The cultural thaw in the Soviet Union, limited and tentative as it has been and broken by periodic freezes, has encouraged a similar trend in the satellite states. Intellectual magazines in Czechoslovakia and Hungary have been quick to reproduce the nonconformist utterances of such Soviet writers as the poet Evgeny Evtushenko. There has also been a certain amount of free discussion of conditions in other communist-ruled countries. So an East German writer used the Czech magazine Plamen as a forum for complaining about dogmatic criticism and cultural isolation in East Germany. A Czech author gave a detailed account of the difficulties of agriculture in Czechoslovakia in a Polish periodical. As Professor John Michael Montias recently wrote in an article in Foreign Affairs about communist rule in Eastern Europe:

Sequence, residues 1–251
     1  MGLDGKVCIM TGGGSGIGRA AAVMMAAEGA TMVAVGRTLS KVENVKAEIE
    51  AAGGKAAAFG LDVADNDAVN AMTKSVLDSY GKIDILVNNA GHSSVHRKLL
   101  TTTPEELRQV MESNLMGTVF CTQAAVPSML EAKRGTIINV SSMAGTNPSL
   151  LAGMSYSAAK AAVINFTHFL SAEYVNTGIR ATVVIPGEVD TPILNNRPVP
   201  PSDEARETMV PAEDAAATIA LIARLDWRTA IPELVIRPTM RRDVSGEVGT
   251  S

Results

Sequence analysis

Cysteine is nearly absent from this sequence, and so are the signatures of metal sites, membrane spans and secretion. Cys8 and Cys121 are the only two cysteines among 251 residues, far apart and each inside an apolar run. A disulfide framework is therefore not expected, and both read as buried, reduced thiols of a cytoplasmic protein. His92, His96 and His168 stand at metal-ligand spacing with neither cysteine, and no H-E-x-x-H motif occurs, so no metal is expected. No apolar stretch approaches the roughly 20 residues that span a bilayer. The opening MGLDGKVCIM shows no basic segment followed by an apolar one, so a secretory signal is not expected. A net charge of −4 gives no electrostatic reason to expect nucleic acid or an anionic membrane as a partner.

Every blow against totalitarianism in one country is apt to be exploited by intellectuals in the rest of the bloc. And even Communists outside the bloc can on occasion serve as a liberating influence, as witness the impact of French Communist writers, such as Roger Garaudy, on Czech intellectuals in connection with the discussion on Kafka and alienation under socialism.

The Poles, always eager to emphasize their distinctiveness from Russians under any form of government, have been positively aggressive in sponsoring non-traditional forms of expression in music and art by such methods as holding festivals of new music in Warsaw. Even in Hungary, which experienced the most brutal repression of its freedom movement in 1956, there are signs of relaxed repression in such matters as permission to travel abroad, promotion of non-Communists to important posts and admission of students to universities without consideration of "class origin. "